Polyester is sometimes referred to as the “workhorse” fiber of the industry. The filament form of the fiber has been said to be the most versatile fiber and the staple form has been called the “big mixer” because it can be blended with so many other fibers, contributing its good properties to the blend without destroying the desirable properties of the other fiber. Its versatility in blending is one of the unique advantage of polyester.
The polyester have probably undergone more research and development work than any other fiber. One of the important physical changes has been that of changing from the standard round shape to a trilobal cross-section that gives the fiber silk-like properties. A chemical modification, high tenacity staple, was developed for use in durable press fabrics. The strength of the polyester reinforces the cotton fibers, which are weakened by the finishing process.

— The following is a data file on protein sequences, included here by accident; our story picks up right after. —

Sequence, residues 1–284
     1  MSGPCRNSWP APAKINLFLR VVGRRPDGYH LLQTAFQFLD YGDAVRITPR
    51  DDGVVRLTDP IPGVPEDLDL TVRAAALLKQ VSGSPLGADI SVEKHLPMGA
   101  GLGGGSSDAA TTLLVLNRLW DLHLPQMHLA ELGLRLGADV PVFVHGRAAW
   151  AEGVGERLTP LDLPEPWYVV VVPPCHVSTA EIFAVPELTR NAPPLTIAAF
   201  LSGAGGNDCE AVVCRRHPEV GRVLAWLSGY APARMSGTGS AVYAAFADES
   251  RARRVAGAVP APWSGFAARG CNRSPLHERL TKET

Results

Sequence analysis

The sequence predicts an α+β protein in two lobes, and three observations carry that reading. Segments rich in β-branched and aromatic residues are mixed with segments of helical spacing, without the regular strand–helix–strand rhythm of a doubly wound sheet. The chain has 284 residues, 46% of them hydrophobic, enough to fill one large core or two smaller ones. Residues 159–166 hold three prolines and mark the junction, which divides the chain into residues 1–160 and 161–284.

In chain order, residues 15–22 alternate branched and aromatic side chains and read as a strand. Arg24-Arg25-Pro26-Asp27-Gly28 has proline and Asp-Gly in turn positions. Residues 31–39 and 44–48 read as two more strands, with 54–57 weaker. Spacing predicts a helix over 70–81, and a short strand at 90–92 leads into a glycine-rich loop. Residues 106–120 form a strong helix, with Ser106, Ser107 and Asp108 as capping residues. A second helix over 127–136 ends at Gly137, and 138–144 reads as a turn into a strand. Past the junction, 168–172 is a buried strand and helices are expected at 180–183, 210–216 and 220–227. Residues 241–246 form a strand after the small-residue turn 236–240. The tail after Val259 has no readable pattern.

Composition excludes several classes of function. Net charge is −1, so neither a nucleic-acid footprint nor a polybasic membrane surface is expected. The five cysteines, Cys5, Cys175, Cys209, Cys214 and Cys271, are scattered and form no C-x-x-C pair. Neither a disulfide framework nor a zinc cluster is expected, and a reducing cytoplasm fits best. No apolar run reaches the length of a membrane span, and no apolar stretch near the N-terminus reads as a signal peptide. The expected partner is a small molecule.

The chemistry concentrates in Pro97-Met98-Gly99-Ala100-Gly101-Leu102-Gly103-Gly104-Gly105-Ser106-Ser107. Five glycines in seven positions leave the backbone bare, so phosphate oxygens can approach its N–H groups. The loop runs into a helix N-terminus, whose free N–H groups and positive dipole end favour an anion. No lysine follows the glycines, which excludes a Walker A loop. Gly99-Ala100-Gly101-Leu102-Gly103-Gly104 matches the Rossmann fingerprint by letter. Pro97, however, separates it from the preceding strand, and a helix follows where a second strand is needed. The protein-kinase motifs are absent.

Polyesters are made by reacting a dihydric alcohol with a dicarboxylic acid. The generic definition was modified in 1973 so that no specific acid is identified; thus the definition can cover a variety of polyesters. As the acid and alcohol are polymerized, they are extruded from the polymerizing vessel in the form of a ribbon. This ribbon is cut into small chips; the chips are diced and conveyed to a hopper from which they are fed to the melt spinning tank.
The hot solution is forced through spinnerets, and solidifies into fiber form on contact with cool air. It is stretched while hot, the stretching contributes strength to the fiber and controls elongation characteristics. The greater the amount of molecular orientation obtained during this strengthening step, the stronger the fiber and the lower the elongation.